Risk Wire: Reassessing the Approach to The Currency Hedging Policy

Despite the immense importance of the foreign exchange exposure for global investors, the generally accepted approach to currency hedging at euro-based pension funds is too generic, sometimes – counterproductive and often driven by inaccurate assumptions.

Pension funds in the Netherlands and elsewhere in Europe implement a foreign currency (FX) hedging policy with an aim of limiting the risk (measured in terms of volatility) of the investment returns and consequently, the funding ratio. A typical hedging policy consists of multiple ad-hoc rules by asset class and may include for instance a hedging ratio of say X (usually below 100)% for JPY, USD, HKD and GBP equity (and similar) exposures and 100% of developed market and USD- denominated emerging market bonds. In this issue of Risk Wire we assess whether such ad-hoc rules can be improved by examining a large number of wholistic hedging policies for all asset categories in combination, and for the balance sheet of the fund (including liabilities). The question to be answered is whether the current typical policy can be improved by either limiting the costs of hedging at the same risk level or by achieving a lower volatility at the same cost.

The goal of the currency hedging policy is to strike a balance between:

  • limiting the volatility of the assets and the funding ratio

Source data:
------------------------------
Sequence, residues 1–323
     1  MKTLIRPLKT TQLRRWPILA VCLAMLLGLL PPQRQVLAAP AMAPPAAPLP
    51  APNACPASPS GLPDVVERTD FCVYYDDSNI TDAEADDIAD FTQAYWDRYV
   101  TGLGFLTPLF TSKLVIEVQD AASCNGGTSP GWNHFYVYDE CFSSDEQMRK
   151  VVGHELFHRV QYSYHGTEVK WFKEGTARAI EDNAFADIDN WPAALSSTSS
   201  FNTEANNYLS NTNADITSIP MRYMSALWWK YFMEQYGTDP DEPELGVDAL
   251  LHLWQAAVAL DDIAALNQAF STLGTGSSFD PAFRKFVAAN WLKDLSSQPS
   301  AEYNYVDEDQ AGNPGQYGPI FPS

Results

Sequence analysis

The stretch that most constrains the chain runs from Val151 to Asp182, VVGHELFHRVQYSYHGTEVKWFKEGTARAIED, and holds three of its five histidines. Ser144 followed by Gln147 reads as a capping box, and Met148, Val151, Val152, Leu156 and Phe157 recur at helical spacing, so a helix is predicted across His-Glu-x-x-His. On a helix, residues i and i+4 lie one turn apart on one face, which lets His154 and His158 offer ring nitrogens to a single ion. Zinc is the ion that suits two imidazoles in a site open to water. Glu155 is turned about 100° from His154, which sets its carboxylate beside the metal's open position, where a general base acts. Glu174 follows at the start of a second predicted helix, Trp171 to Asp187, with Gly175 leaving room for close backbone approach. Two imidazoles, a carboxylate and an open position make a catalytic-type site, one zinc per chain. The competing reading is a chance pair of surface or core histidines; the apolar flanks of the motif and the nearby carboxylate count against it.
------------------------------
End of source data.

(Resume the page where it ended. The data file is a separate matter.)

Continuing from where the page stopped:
• limiting the drawdowns in extreme circumstances and
  • limiting the cost of currency hedging.

LINKS have carried out an empirical study based on actual monthly returns of the underlying asset classes, using a realistic portfolio rebalancing policy and multiple hedging policies. Our analysis
shows that:

  1. hedging the total US dollar exposure at a significantly lower level than the typical current policies would deliver better results given the period of analysis. The optimal hedging ratio of US dollar for the full period examined (2005-2018) is close to 20%.
  2. currencies other than US dollar may be hedged up to 100%, however, the only currency that has a meaningful impact on a typical pension fund portfolio if hedged at 100% is the British pound.
  3. at the balance-sheet (funding ratio) level, the hedging requirement of US dollar exposure is even lower, as liabilities become a partial natural hedge against the US dollar If the analysis period is expanded or assumptions changed, the optimal hedging ratio for US dollar may increase to as high as 40-50% driven by costs and number of extreme events in the period. We have not found circumstances in which higher hedging ratios for US dollar are beneficial for a fund’s return or volatility.

The complexity of hedging the US dollar is entirely due to its safe haven status. The conclusions in this report are valid only if the safe haven status of USD is retained. Any major macroeconomic or geo-political shift precipitating change in the safety perceptions of US dollar will require revisiting the conclusions of this study.

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